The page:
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Let $T$ be an exponential random variable with parameter $\theta$. For $t \gt0$, compute $\Bbb{E}(T|T\le t)$.

My work: First $$P(T\le s|T\le t)=\frac{\int_0^s\theta e^{-\theta x}dx}{\int_0^t\theta e^{-\theta x}dx} =\frac{1-e^{-\theta s}}{1-e^{-\theta t}}, \ \ 0\le s\le t$$

Hence $$\Bbb{E}(T|T\le t)=\int_0^t s\cdot \frac{\theta e^{-\theta s}}{1-e^{-\theta t}} ds$$

I am not sure if I make a right calculation, please give a verification.

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Your computation looks correct.

Alternative way: using the absence of memory property, we have $$ \mathrm E[T; T> t] = \mathrm E[T\mid T> t] \mathrm P(T>t) = (t+ \mathrm E[T])e^{-\theta t} = (t+ \theta^{-1})e^{-\theta t}, $$ whence $$ \mathrm E[T\mid T\le t] = \frac{\mathrm E[T; T\le t]}{\mathrm P(T\le t)} = \frac{\mathrm E[T] - \mathrm E[T; T> t]}{1-e^{-\theta t}} \\ = \frac{\theta^{-1} - (t+ \theta^{-1})e^{-\theta t}}{1-e^{-\theta t}} = \theta^{-1} - \frac{t}{e^{\theta t} - 1}. $$

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  • $\begingroup$ I think this is a better way and truely what the exercise want me learn. $\endgroup$ – Jaqen Chou Mar 26 at 10:18
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    $\begingroup$ I would not use the word "better" here. Frankly speaking, your approach is better since it is universal while mine can be applied exclusively to exponential distribution. But yes, one usually learns nothing by applying universal methods (just how to apply them); for this reason, in my lectures I give many alternative approaches, which sometimes shed a light on some additional properties. $\endgroup$ – zhoraster Mar 26 at 13:30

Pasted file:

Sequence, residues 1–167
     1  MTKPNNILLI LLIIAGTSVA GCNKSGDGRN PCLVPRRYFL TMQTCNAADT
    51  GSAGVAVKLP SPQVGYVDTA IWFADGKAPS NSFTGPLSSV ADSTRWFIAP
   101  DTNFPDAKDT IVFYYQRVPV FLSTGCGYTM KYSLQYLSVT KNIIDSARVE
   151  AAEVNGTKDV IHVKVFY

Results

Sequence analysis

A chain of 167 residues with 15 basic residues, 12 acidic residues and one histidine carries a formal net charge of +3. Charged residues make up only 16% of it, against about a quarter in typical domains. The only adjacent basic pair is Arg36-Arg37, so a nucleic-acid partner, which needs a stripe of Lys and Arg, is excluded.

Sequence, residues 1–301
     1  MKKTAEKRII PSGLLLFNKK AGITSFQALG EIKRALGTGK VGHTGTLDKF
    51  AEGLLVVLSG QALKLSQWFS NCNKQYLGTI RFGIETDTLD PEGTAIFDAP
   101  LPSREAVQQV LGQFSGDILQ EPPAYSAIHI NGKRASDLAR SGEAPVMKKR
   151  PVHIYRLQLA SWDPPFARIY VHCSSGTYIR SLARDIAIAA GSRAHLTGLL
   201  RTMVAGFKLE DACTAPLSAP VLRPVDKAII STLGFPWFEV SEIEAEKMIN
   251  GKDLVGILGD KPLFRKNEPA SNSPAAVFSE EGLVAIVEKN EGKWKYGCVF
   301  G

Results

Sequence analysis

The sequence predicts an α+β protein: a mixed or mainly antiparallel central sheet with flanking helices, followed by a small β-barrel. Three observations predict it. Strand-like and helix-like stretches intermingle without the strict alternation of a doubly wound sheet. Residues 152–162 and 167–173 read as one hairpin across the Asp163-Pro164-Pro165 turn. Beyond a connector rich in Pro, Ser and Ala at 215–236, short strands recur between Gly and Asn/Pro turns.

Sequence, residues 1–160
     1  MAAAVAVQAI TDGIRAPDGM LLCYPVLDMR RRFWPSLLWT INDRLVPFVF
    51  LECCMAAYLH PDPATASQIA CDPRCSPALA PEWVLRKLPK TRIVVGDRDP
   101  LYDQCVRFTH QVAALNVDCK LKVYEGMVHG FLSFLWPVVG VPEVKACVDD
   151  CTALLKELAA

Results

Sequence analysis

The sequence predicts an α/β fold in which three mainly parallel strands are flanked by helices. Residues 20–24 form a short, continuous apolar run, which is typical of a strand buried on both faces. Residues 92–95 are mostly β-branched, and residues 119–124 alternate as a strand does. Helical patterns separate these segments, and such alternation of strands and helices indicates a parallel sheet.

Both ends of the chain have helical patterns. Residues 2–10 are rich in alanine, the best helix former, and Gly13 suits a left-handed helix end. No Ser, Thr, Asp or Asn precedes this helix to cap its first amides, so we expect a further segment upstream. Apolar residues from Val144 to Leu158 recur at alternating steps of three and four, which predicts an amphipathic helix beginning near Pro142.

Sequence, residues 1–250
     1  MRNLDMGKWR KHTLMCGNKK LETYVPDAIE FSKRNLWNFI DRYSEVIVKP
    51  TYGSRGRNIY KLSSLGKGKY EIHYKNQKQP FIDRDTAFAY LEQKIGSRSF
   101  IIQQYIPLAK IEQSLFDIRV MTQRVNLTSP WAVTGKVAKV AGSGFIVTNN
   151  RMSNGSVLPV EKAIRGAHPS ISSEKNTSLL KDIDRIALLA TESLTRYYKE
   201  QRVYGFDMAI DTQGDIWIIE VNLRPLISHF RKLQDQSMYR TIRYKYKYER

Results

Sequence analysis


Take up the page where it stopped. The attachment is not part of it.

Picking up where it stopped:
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What you have computed in the first line is $P(T \leq s|T\leq t)$ not, $P(T = s|T\leq t)$. (The latter is $0$). So when you compute the expectation you have to replace $1-e^{-\theta s}$ by its derivative.

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  • $\begingroup$ I made an edit. Is this expectation go in right way? $\endgroup$ – Jaqen Chou Mar 26 at 9:21
  • $\begingroup$ @JaqenChou Yes, now it is right. $\endgroup$ – Kavi Rama Murthy Mar 26 at 9:32

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